Drones—the gravity-defying toy every grown man wants—are becoming more popular and more affordable every day. You probably know at least one person who owns a drone, and according to a report released earlier this year by the Federal Aviation Administration, that number is only going to increase. In fact, the FAA is predicting as many as seven million commercial and hobbyist drones will be flying through the sky by 2020.
To give you an idea of just how crowded the skies could get, Edward Lawrence, the director of the FAA’s drone office, said that more than 550,000 unmanned aircrafts have been registered since December 2015 when the FAA launched its drone registration system. And registration is only picking up speed. He recently reported the drone registration rate at about 2,000 per day!
So what the heck are all of these drones going to be doing while they’re flying around? The commercial drones will most likely be used for aerial photography, industrial inspection, agriculture, real estate, insurance, and government. I suppose we should all start thinking about receiving speeding tickets in our mailbox because everywhere you drive, drones are watching you!
That’s the potential downside. On a brighter note, the growing popularity and prevalence of drones means there are new jobs becoming available (we all know how important that is.) If you’ve always wanted to be a drone pilot or are looking to make a career switch, check out DroneStart, where you can get FAA certification as a drone pilot.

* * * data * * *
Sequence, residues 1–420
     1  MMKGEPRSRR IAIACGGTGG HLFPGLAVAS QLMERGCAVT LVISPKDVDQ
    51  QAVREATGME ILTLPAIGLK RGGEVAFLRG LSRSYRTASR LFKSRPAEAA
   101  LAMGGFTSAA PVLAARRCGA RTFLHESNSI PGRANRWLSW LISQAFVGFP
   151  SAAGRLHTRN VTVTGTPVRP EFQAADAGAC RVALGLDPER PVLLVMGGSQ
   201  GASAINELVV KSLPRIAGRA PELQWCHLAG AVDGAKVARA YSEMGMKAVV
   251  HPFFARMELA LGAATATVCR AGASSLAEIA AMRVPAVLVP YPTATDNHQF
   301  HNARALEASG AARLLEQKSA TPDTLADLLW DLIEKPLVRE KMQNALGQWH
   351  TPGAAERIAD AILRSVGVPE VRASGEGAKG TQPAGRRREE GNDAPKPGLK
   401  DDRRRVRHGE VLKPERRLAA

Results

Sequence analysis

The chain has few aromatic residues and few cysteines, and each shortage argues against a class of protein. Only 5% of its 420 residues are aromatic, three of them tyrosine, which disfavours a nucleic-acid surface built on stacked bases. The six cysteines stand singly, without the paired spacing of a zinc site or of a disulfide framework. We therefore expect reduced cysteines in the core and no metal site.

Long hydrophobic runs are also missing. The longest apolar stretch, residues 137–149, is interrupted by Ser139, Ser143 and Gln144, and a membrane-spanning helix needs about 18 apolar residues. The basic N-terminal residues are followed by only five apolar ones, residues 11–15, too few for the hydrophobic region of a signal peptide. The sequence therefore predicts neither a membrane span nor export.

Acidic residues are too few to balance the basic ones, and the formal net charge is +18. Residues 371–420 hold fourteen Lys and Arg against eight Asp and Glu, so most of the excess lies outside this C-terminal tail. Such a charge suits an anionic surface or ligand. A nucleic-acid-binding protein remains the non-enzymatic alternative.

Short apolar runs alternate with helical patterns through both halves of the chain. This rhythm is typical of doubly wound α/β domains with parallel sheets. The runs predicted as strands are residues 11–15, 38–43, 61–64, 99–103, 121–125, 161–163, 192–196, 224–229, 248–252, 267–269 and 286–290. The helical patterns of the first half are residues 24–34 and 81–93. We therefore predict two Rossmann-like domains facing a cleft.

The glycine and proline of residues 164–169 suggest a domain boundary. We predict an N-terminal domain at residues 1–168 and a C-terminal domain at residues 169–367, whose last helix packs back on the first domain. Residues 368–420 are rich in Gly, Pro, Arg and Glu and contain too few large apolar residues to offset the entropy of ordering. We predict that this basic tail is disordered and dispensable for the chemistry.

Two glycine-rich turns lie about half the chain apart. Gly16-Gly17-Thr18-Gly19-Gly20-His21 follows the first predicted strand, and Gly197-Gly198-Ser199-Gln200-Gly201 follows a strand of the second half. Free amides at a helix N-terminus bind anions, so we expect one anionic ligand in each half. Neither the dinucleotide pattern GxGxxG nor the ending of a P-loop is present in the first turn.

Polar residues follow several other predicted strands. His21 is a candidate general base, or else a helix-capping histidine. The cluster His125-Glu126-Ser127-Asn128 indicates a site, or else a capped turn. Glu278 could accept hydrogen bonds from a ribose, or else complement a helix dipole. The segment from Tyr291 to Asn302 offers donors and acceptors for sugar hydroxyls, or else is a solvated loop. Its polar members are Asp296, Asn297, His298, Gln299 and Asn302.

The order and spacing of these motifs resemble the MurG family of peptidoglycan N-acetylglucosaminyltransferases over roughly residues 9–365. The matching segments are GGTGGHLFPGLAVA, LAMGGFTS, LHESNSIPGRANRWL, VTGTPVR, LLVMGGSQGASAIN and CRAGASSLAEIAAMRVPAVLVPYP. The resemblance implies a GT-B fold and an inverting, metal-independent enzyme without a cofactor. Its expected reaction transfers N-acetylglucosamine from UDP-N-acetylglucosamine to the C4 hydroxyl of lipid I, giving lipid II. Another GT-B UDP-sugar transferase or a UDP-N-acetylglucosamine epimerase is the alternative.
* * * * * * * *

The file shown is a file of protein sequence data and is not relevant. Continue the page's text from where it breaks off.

The demand for pilots is real. According to the FAA report, there were about 600,000 registered pilots at the end of 2015, and their prediction is for upwards of 1.3 million licensed drone pilots by 2020.
All this new information might scare a lot of people, but no need to fear! The government is working on creating regulations that will probably be so restrictive and complicated that the majority of hobbyists will just throw up their hands and find another pastime that hasn’t been ruined by rules. That should help cut down on about a third of the drones out there.
On the commercial side of things, the FAA and NASA are working together to create low-altitude air traffic control systems just for drones. Air traffic regulations could be really important in the next few years, especially if Amazon drone deliveries become more widespread. And Amazon’s not the only company looking into drone deliveries. Google is currently partnering with Chipotle Mexican Restaurant at Virginia Tech, testing drone deliveries of burritos to hungry students.
So by 2020 there will be 7 million drones in the sky, and no one will ever be hungry for a burrito again. Sounds super strange, but we’re in!